Arriving by flight to Hong Kong before 1998 would have involved a carefully charted landing route that gave passengers a direct view into the high-rise apartment buildings that stood alongside the runway. These tightly-bunched, concrete towers were only allowed to be built to a height of 13 or 14 floors because of their proximity to the airport. The descent has been described by many-a-passenger as truly unique: having to land the plane in between the narrow and clustered Kowloon-side of Hong Kong with buildings to one side, and the ocean harbor on the other. Much has changed in the nearly twenty years since the handover of Hong Kong by Britain to the government of the People’s Republic of China, including the location of the airport. What else has changed?

Construction Boom
The historic handover of Hong Kong was precipitated by a surge in infrastructure investment. Among the construction projects were a new international airport (relocated to Lantau Island), a new seaport, and the Hong Kong University of Science and Technology. These were undertaken by the Hong Kong government and dubbed the “Rose Garden Project” to help maintain confidence in the economy ahead of the transition of control, thereby mitigating a larger wave of emigration out of Hong Kong.

Mainland Exchange
The new political arrangement greatly buoyed cross-border traffic between China and Hong Kong. Gradually, the daily number of Mainland Chinese visitors to Hong Kong began to climb higher. The timing was perfect; as China was poised to begin its rise in economic power, Hong Kong was well-positioned to benefit. Many Chinese with newfound wealth began to make regular shopping trips to Hong Kong and nearby Macau. This momentum was so great that it propelled the shopping area of Causeway Bay to become one of the most productive retail shopping spaces (measured by sales per square meter) on the planet. Following from that success were subsequent increases in rent expectations from landlords, which then led Causeway Bay to also become the second most expensive retail space on the planet (rent per square meter). The large numbers of shoppers and their willingness to pay was more than enough to justify the high rentals and attracted a flurry of high-end luxury brand shops.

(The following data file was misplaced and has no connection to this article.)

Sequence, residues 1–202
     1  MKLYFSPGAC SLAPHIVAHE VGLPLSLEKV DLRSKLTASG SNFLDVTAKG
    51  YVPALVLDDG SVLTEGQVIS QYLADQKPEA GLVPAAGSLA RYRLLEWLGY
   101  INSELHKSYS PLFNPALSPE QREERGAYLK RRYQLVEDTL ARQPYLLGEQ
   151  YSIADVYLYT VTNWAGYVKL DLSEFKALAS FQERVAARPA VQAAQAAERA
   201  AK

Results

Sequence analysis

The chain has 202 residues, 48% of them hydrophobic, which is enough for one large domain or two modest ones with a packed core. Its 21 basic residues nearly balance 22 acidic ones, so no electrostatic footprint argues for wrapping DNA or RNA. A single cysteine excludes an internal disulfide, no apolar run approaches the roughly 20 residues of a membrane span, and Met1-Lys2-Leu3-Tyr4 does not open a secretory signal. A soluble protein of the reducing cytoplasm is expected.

Recently, however, Chinese travelers have been diversifying their travel and shopping experiences. Changes in visa requirements to countries like Thailand, as well as targeted marketing campaigns from countries like Australia, have helped siphon away mainland tourists formerly bound for Hong Kong. As a result, those high-end retailers are beginning to feel the pinch; some have even shifted out of high-street locations like Causeway Bay, releasing those spaces at lower rents to fast fashion brands that remain attractive with their reasonable price points.

While Hong Kong has long been an economic and financial hub of Asia, that is slowly beginning to change. Driving the erosion of this status position is the increasing importance of Shanghai and other coastal cities like Shenzhen. In the case of Shanghai, the South China Morning Post reports that the city’s “ambitions to become the nation’s economic engine, leapfrogging Hong Kong as the dominant financial hub in the region,” will be boosted by government sanctioned advantages such as the new free-trade zone. Shenzhen is also poised to capitalize on a weakening Hong Kong, as both cities port along the same body of water. Prior to the opening and liberalization of China’s trade markets, the role of Hong Kong as mediator between exports and imports was a main factor in both economies. Nowadays, however, facilitating trade directly through the mainland may help to reduce costs and time needed to process. Eventually, it may not make business sense to have Hong Kong serve as a third-party clearinghouse for trade.
Beyond the economic realm, Hong Kong still remains a very different place from China culturally, socially, and politically. At present, only those adjustments to China’s economic policy seem to have lasting impact. In this regard, Hong Kong should be a useful case study for Colorado and U.S. businesses operating in China as future adjustments to the country’s policies are considered.